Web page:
By the time Thomas started four people had shown up. Thomas incidentally gave a jaw-dropping performance, and spontaneously added this whole new section to his performance, building on a motif of irregularly picked, chiming guitars. The whole thing had this vaguely oriental feel to it, and it was one the most exciting musical moments of the tour for me. Pity only six people in this world (myself and Rohan, included) ever got to hear it live – thankfully Rohan recorded the entire show, and I’ll be posting some songs from it soon.

When I got up on stage I was, truth be told, really a tad depressed that no one had come to see us. We had advertised online, had done plenty of radio promo (including National Radio, Kiwi FM and 95 BFM), used myspace, facebook, forums and gig guides to tell people about our show, had postered and flyered K’Road and Real Groovy, et cetera. The only thing we didn’t do, I suppose, is play with local support, but given the nature of our music and the way Thomas and I set up, that just wasn’t a feasible option. Aside from the sheer logistical nightmare of setting up, the sets that Thomas and I played already stretched to the limit what audiences could take in.

Anyhow, I got on stage and made a sincere promise that I was not going to let a disappointing turnout ruin my performance. After all, four people had sacrificed their time and money to come out and see Thomas and I perform, and since it wasn’t their fault not more people had come out that night, I had no right to let it effect my performance. If anything, I felt that I had a duty to give the absolutely best performance I could to prove to them that they had made the right decision in choosing to spend an evening with us and our music.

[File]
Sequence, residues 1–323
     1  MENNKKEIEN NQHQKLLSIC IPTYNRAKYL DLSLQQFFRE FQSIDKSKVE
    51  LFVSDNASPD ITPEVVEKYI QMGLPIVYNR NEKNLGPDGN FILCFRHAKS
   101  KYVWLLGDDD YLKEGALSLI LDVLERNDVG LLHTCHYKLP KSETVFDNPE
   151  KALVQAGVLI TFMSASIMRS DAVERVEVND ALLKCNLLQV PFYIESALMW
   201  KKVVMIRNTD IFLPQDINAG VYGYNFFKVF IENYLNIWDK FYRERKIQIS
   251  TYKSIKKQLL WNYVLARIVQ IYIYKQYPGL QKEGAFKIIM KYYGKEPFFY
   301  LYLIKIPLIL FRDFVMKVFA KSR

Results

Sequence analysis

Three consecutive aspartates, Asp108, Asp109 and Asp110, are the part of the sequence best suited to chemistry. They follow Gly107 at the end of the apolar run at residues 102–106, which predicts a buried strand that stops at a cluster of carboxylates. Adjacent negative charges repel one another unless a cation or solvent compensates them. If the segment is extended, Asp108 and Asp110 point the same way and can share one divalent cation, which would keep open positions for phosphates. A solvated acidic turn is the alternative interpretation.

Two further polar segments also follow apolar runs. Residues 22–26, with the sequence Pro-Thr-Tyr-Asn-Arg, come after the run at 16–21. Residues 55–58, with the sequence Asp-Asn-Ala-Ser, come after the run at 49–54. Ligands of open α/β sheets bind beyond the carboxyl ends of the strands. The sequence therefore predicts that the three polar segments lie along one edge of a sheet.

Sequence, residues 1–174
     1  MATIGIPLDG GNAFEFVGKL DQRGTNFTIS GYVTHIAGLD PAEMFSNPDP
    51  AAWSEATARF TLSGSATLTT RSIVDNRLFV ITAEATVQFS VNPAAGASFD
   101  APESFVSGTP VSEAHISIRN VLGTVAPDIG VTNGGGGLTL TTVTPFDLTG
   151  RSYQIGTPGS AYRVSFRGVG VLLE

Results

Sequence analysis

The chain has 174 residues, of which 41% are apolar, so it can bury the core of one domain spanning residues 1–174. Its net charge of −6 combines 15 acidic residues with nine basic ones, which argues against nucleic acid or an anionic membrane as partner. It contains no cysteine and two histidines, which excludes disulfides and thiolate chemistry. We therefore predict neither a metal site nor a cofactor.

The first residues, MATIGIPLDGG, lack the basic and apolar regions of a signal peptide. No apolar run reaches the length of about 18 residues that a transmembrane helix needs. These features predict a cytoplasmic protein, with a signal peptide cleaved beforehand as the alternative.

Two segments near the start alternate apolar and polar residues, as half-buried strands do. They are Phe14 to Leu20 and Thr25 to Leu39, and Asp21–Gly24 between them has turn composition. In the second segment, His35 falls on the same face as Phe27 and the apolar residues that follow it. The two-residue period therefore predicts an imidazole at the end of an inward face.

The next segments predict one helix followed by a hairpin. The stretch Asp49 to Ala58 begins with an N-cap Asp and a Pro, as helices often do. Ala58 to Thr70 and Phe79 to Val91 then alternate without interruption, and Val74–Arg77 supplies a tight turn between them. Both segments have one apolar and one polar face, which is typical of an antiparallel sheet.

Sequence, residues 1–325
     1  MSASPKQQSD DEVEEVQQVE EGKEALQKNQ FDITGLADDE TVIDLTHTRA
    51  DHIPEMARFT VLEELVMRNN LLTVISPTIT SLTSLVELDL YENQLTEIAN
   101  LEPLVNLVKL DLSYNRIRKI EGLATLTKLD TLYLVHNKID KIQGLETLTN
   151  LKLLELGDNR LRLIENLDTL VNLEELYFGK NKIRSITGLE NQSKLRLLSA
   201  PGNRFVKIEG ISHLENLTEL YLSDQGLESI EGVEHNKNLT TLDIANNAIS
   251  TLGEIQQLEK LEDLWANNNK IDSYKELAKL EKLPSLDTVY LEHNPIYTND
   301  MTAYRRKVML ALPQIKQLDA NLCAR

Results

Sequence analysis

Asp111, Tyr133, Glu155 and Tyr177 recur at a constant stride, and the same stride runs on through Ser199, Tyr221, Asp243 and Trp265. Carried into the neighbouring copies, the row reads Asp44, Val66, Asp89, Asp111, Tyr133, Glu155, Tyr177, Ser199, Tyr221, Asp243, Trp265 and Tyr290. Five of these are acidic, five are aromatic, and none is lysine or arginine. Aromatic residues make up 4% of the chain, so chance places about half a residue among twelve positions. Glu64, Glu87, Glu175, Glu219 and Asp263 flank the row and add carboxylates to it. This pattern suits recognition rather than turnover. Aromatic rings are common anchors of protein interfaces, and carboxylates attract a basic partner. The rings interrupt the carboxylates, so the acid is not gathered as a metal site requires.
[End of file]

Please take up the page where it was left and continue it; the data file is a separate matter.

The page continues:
So, I withdrew into myself, started to build up the first themes of the first song and…

…two of the four people walked out!

Now, I could go into a lengthy analysis of the terror and sadness I felt in that moment, but I’ll spare you. No doubt, you’re intelligent enough to image it for yourself, if you’re into that kind of self-inflicted emotional S&M or Schadenfreude, that is! :)